The city has scrapped an old plan to redevelop the 236-year-old Lexington Market in favor of a new arrangement with building rehab specialists Seawall Development, which officials say would retain the market’s main building while saving as much $20 million in constructions costs.
Seawall, best known for its conversion projects in North Baltimore like Union Mill, nearby Union Collective and, perhaps most popularly, Remington’s R. House, has signed on as the developer for Lexington Market’s overhaul, Mayor Catherine Pugh announced at her weekly press briefing today. The project under Seawall’s vision will cost $30 million to $40 million, the company estimates, down from $50 million to $60 million under the old plan.
“We really believe that re-imagined real estate can unite cities,” said Seawall Development partner Thibault Manekin. “Of all of the projects we’ve ever had the opportunity to work on, this is the one that’s gonna prove that the most.”
The most recent (and now nixed) plan for Lexington Market, for which Whiting-Turner did pre-development work and Murphy & Dittenhafer served as the architect, entailed building a new multi-level glass structure on an adjacent parking lot and tearing down the existing East Market building, which houses about 60 merchants.
But Seawall’s vision would retain the building and repurpose it and add a new, smaller building on the market’s south parking lot. It would also open up the arcade building on W. Lexington Street as a pedestrian thoroughfare, “occasionally with a farmer’s market aspect to it,” said Kirby Fowler, chair of the Baltimore Public Markets Corporation and Lexington Market Inc., and chair of the Downtown Partnership of Baltimore.
“It’d be very nice to look up that hill from Howard Street and see all straight through to the University of Maryland-Baltimore, and provide better connections to pedestrians,” he said.
The third step with the arcade would likely require demolition, said Stacey Pack, a project manager for the Baltimore Public Markets Corporation and Lexington Market, on a phone call.
The East Market Building’s future use is still being considered, Fowler said. “Perhaps it will be a few vendors who remain in there. Perhaps it will be new workforce development space or new community space, or new space for a brewpub or arts uses,” he said. “Who knows? But we felt it was very important. That structure has a lot of character to it, and it would cost us a lot to tear it down and put up a park in its place, so we might as well retain it.”
Adding a smaller building on the south parking lot will save money, he noted. The former plan involved excavating the lot to add basement-level space, which would have been more costly due to the space’s steep grade, Fowler said.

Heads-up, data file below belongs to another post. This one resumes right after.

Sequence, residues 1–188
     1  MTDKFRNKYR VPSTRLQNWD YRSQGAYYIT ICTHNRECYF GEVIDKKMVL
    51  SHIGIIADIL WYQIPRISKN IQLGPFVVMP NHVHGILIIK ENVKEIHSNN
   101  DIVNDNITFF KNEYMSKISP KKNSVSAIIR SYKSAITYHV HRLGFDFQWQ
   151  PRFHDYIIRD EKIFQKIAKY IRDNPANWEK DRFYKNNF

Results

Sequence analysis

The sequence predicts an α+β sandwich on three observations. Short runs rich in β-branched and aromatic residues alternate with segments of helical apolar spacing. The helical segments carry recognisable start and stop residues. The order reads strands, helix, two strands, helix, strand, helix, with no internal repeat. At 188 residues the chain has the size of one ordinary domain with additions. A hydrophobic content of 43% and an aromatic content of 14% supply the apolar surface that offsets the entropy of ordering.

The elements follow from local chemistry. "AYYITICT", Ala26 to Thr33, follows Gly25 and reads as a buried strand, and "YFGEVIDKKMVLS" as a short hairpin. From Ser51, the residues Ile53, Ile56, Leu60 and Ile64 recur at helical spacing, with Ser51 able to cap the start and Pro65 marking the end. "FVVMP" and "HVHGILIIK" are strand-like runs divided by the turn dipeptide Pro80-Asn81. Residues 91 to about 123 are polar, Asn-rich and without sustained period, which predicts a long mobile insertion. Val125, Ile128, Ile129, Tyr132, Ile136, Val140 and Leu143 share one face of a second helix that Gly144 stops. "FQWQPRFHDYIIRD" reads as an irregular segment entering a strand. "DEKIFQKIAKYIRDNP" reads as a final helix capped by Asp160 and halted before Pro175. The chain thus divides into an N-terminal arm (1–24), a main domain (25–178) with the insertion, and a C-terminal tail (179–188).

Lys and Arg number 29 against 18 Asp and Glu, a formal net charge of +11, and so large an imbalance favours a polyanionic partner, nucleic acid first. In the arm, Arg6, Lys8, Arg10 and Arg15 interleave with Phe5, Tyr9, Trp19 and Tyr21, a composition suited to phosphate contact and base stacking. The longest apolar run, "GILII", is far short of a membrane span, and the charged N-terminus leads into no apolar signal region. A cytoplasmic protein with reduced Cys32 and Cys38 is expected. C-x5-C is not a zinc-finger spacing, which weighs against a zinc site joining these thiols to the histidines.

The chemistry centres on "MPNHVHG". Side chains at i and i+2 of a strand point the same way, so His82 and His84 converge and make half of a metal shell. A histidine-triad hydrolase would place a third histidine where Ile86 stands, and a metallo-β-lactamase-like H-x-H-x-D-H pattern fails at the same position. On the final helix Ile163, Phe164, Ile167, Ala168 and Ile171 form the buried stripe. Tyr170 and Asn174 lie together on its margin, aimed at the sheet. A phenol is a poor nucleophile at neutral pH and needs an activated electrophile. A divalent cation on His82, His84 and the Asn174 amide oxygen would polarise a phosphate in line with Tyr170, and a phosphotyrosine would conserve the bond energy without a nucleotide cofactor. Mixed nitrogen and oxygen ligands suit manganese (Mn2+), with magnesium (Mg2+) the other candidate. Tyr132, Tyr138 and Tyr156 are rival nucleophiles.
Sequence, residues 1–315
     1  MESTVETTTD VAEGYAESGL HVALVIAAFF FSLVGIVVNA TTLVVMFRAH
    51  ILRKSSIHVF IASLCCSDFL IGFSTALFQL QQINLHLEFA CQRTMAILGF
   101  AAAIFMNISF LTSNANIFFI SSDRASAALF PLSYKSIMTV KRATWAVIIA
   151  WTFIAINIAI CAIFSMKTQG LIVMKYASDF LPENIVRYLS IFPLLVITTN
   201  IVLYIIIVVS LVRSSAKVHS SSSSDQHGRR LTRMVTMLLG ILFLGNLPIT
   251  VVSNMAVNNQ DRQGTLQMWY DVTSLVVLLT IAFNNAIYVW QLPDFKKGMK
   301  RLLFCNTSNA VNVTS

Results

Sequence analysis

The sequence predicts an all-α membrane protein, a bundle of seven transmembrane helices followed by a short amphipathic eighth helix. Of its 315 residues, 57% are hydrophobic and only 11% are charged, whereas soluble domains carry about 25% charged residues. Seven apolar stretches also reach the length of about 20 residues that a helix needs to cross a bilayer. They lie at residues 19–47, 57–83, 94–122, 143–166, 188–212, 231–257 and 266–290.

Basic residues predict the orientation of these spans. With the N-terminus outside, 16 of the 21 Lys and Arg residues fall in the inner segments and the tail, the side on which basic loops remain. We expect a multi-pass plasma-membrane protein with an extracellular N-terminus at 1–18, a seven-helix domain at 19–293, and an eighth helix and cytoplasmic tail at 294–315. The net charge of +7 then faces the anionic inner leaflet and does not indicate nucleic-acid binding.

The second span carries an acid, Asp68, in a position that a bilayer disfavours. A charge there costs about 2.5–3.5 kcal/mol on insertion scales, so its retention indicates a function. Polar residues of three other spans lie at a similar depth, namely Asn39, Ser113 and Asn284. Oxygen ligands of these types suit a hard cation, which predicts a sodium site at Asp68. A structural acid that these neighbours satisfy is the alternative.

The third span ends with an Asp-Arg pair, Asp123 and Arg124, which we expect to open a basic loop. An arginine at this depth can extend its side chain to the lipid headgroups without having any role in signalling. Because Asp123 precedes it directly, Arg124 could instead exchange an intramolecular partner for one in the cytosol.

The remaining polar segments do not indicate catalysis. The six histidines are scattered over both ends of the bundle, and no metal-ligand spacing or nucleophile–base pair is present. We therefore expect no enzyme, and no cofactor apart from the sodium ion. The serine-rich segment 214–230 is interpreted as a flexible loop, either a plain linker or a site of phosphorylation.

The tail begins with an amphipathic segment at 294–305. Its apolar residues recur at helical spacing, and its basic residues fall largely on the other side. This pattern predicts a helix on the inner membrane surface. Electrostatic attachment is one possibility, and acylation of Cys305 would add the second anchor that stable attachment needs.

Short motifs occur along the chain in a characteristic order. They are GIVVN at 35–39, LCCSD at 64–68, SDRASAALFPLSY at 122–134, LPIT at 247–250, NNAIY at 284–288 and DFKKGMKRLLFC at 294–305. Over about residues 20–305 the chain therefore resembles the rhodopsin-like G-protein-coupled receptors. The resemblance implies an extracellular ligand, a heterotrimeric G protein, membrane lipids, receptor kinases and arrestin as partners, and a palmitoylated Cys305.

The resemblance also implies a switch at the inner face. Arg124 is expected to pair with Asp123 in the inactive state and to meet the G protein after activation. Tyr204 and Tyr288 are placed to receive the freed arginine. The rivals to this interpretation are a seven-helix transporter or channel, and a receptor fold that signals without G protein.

To help generate revenue for the $30 million to $40 million project—$17 million of which has already been raised, officials said—the quasi-public Baltimore Development Corporation plans to issue a request for proposals to repurpose three city-owned pieces of land known as the West Market parcels. At present, they hold a four-story parking structure situated between W. Paca, E. Saratoga, Greene and W. Lexington streets, along with the smaller West Market building, which has about a dozen merchants, Pack said.
The RFP has a deadline of Jan. 3, 2019. It offers a leasing concept to bidders in which the city retains ownership of the land, but tenants could potentially share profits with the city. It also require that the winning bid agree to reserve some parking.
The city is also applying for federal assistance to fill the gap between the $17 million raised so far and the $30 million to $40 million price tag, Pugh said.
The old work by Whiting-Turner and Murphy & Dittenhafer, as well as Maine-based Market Ventures, which solicited community and vendor feedback, isn’t all for naught. Seawall Development will still be able to use the former two companies’ work mapping utilities and necessary elevator shafts, as well as the information collected by Market Ventures.
“I wouldn’t say that we’re throwing it all out—in fact, a lot of it was very useful,” Fowler said of the old plans. But the rest is “basically a boxed concept,” one that will require community and vendor input.
Manekin said they’ll be doing “deep listening” with tenants and neighborhood residents, starting today, to learn what they want out of the redone market. “This project belongs to the entire city,” he assured.
Lexington Market Inc. executive director Robert Thomas estimated ground could be broken “toward the last quarter” of 2019. Construction would then take 21 to 26 months, he estimated.
The new plans for Lexington Market were unveiled one day after developers announced n early roster of vendors and a tentative timeline for the redeveloped Cross Street in Federal Hill. Fowler also noted the under-construction Broadway Market in Fells Point should be unveiled in 2019. (Additionally, Kevin Plank’s War Horse Cities is redeveloping Hollins Market at an estimated cost of $5 million, with $1 million coming from the city, though a funding gap has reportedly delayed the project.)
“We’re not giving up on any of the markets,” Fowler said. “We’re working aggressively to transform them. And this was not happening 10 years ago, 20 years ago, 30 years ago.”
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